Do we also want to see them freed from poverty, affliction and oppression? Absolutely! And we work hard to make that their reality. But freedom from these things alone still falls short. One can remain enslaved to performance, whether they live in an African slum or an American suburb.  

This internal freedom takes time. It’s not just something you’re told and voila, you’re changed, you’re free. It’s a process, and especially harder if generations before you have told you otherwise. Accepting this freedom has taken years of discovery for me and I’m still only scratching the surface. 

This is why child sponsorship is so beautiful – because of its combination of unconditional love and long-term commitment. When you or I sponsor a child, we are demonstrating Christ’s unconditional love and approval to a complete stranger for a long period of time. It’s the soil where freedom can sprout and grow.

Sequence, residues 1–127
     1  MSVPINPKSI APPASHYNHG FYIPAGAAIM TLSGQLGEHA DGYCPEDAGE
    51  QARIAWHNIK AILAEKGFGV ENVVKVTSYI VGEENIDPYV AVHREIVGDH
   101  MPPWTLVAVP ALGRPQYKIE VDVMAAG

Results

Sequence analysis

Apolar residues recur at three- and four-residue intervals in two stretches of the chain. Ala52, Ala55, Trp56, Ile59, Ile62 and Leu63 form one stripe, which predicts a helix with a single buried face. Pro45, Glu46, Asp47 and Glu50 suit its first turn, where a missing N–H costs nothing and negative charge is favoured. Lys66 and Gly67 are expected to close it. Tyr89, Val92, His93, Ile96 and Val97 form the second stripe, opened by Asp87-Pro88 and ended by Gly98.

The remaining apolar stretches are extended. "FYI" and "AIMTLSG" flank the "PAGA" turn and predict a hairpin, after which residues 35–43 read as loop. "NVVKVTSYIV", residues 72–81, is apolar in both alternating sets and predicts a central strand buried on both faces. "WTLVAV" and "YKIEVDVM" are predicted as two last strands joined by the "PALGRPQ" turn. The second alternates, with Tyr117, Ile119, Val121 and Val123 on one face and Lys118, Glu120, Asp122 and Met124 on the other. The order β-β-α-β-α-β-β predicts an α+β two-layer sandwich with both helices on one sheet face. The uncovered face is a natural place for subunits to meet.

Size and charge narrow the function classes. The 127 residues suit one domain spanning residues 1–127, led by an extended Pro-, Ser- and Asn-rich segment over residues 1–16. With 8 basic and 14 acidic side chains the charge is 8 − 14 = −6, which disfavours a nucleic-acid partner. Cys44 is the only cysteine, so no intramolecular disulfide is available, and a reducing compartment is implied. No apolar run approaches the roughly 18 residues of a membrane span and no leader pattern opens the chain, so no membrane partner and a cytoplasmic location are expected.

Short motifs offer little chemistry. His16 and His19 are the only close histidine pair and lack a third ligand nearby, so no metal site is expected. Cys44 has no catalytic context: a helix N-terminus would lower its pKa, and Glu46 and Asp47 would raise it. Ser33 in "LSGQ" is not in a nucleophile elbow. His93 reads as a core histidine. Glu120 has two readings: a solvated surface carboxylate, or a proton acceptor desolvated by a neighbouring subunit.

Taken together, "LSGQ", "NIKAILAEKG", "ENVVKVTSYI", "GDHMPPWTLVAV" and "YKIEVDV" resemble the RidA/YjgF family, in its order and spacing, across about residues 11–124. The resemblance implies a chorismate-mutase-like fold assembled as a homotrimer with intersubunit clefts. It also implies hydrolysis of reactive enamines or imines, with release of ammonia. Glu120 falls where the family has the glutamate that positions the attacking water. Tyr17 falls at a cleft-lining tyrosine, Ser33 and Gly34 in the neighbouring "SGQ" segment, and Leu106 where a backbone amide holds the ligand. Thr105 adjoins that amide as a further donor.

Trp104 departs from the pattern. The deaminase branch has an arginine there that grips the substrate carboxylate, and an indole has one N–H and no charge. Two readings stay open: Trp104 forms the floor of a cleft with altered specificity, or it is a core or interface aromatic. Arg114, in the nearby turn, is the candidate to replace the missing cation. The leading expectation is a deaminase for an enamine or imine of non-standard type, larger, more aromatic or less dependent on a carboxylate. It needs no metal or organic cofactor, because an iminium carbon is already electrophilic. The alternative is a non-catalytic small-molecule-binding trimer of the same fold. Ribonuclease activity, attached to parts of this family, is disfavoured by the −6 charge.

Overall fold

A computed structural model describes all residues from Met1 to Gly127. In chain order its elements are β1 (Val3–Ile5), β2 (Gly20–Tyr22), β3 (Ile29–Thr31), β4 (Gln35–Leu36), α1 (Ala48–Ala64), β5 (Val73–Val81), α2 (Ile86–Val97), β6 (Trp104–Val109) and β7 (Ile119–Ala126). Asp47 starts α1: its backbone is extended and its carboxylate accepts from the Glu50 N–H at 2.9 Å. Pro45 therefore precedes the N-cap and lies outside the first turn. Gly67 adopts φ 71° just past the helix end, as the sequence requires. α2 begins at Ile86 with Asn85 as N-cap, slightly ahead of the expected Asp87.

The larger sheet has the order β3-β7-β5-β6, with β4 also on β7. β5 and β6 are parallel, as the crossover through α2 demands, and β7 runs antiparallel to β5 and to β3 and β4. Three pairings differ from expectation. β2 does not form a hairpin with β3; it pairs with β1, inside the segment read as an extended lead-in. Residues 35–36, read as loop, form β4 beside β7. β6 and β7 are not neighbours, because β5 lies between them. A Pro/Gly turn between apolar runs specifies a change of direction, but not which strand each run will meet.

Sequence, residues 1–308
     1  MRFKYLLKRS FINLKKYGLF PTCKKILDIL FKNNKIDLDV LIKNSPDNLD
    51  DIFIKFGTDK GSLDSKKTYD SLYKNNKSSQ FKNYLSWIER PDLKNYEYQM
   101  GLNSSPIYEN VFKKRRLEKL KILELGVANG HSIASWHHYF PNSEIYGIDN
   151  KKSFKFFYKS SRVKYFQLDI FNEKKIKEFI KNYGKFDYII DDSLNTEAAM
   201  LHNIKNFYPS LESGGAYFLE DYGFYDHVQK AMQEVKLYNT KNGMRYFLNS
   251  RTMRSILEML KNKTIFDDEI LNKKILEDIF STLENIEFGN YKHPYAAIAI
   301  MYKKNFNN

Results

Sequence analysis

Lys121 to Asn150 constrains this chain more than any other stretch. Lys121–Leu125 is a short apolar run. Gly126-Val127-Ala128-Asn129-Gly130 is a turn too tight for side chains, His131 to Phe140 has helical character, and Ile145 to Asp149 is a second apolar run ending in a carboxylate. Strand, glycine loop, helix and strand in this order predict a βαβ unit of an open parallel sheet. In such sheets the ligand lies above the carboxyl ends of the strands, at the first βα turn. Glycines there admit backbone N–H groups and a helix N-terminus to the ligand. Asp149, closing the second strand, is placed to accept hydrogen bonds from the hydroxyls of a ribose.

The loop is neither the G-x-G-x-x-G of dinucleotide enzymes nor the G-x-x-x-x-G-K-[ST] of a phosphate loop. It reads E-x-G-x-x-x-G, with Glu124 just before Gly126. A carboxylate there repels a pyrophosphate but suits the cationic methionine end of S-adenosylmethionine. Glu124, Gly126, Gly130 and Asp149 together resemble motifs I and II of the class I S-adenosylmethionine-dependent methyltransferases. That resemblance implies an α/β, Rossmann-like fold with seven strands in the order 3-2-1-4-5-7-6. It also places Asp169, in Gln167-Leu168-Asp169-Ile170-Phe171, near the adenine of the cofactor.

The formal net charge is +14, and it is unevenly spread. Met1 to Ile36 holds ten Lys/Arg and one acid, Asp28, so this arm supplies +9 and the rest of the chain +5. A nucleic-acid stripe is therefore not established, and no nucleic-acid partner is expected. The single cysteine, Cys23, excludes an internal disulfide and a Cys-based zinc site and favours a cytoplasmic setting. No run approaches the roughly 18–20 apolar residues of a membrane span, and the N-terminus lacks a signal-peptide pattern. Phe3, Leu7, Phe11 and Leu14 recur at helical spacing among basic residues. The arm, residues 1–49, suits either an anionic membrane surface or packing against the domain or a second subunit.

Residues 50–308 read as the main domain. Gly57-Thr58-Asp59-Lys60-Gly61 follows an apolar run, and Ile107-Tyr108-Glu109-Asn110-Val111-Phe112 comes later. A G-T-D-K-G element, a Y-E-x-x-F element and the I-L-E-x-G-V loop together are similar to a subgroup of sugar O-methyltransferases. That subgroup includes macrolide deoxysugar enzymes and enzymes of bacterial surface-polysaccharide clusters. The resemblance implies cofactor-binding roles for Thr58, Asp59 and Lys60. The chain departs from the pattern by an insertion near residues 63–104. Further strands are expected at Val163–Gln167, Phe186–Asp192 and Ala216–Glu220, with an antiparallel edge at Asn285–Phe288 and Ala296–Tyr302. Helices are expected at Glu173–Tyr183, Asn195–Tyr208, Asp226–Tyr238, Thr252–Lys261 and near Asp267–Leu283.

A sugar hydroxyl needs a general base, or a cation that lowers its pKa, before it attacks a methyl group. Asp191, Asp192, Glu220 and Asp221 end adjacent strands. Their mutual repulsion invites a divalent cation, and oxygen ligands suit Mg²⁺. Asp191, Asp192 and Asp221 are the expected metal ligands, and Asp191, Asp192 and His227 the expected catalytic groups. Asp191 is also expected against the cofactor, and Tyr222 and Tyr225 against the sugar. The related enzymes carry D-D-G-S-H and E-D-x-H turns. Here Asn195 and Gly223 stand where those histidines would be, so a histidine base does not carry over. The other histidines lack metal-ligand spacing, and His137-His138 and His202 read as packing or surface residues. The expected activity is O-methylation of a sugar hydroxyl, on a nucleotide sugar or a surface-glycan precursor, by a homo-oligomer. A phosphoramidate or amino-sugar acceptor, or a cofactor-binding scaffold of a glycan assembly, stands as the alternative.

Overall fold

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Let me ask you this honest question: how free do you feel by Christ’s love? 

If you’ve put your faith in Jesus Christ as God and trusted Him with your life, then freedom is yours. Freedom from shame, from fear, from striving for approval. When God looks at you, He says the same about you now as He did about Jesus: “This is my son [or daughter], in whom I’m well pleased.”  

I pray you feel more and more free every day. And as that freedom grows, it will lead to more love and service of others. It’ll be a “get to,” not a “got to.” We love because He first loved us. 

You are free to love.
Help a child find that freedom, too.

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Transform a Child's Life Through Sponsorship

Bonjou (hello), my name is Wisdaelle

  • location

    Haiti

  • 10 yrs. old

    04-29-2014

Entered the program: May 2024

Wisdaelle lives with her parents and little sister in a five-room house made of concrete with no electricity or water. They use an outdoor bathroom and kitchen.

Her mother is a street vendor selling foodstuffs and her father is employed as a bodyguard.

Sponsorship Level What's this?

Three $38 sponsorships are needed to cover the complete holistic care of one child. Cover one, two, or three sponsorships.